Living conditions also were intolerable with Native children often sleeping two or three children to a bed, toilet facilities that were not expanded proportionally to the increase in students, and diets consisting mostly of starch and sugar and low in fresh fruits and vegetables. Survivors of the system were more likely to have cancer, tuberculosis, high cholesterol, diabetes, anemia, arthritis and gall bladder disease than non-attendees upon reaching adulthood.

The investigative report also identifies next steps that will be taken in a second volume that is being funded by a new $7 million investment from Congress through fiscal year 2022.

Next steps include creating a list of marked and unmarked burial sites at federal Indian boarding school locations, approximating how much federal funding was allocated to support the Indian boarding school system, and further investigation into the legacy effects of the school system on Indigenous peoples today.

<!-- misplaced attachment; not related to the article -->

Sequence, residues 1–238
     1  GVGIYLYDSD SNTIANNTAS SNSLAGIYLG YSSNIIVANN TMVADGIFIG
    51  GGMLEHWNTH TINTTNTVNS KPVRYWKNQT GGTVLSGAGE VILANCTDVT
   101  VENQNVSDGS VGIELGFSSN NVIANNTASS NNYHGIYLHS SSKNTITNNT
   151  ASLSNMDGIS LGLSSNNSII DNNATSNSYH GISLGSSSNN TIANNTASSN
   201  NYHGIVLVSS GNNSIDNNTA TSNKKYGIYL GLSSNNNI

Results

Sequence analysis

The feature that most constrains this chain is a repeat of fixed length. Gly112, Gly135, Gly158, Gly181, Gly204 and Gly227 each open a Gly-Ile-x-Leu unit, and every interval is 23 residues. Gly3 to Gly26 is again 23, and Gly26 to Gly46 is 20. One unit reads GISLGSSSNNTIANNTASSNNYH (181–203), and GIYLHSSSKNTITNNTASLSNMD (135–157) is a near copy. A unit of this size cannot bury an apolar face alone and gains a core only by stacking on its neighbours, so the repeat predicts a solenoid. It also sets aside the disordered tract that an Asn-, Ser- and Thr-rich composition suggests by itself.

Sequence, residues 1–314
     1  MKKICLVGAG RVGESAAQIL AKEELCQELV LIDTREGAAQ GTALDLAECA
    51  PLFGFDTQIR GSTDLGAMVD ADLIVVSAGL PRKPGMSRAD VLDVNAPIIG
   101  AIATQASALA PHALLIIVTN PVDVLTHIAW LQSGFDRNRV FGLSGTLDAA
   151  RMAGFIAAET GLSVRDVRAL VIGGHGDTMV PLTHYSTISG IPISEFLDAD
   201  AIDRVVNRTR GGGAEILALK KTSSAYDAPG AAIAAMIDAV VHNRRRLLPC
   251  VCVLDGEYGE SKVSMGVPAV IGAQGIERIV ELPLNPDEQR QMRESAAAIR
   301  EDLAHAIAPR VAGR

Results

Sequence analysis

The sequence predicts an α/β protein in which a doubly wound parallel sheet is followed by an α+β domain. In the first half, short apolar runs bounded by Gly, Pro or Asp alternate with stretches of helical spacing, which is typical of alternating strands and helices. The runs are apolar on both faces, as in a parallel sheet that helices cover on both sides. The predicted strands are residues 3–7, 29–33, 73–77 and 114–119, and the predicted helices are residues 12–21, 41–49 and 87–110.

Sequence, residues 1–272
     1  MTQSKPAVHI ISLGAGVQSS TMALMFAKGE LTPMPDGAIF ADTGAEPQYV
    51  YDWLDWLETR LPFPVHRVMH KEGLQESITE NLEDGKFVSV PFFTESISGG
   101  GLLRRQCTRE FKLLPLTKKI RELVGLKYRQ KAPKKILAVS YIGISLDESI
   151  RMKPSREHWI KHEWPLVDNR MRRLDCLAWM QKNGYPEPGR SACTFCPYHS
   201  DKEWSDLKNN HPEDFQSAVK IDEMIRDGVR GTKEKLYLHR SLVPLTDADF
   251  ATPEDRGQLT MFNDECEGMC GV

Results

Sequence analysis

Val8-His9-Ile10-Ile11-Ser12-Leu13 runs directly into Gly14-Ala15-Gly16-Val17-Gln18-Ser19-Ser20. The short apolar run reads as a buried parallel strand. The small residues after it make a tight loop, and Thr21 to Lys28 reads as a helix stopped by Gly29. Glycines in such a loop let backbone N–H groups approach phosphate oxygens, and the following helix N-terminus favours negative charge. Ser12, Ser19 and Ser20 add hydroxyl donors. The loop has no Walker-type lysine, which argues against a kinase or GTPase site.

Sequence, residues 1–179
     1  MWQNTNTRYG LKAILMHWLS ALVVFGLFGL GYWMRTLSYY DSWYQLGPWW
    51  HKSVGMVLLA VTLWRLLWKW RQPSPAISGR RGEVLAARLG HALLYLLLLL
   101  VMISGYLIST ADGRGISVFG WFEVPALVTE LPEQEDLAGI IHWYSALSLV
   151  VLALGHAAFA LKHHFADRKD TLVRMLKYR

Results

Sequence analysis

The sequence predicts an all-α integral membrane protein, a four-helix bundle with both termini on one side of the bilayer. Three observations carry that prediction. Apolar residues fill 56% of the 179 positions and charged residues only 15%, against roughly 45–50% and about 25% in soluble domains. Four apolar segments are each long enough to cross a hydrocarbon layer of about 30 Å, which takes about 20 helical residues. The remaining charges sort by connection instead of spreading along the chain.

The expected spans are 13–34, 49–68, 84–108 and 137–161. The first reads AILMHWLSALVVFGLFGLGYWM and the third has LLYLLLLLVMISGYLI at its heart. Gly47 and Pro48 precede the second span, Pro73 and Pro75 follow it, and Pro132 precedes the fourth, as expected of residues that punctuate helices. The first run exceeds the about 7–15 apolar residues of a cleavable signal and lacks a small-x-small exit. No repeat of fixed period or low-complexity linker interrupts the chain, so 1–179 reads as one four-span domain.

In addition to the 408 federal Indian boarding schools, the investigation also identified more than 1,000 other federal and non-federal institutions, including Indian day schools, sanitariums, asylums, orphanages and stand-alone dormitories that may have been involved in the education of mainly Native American children.

Smoke Signals video: Visiting the sites of three federal Indian boarding schools in Oregon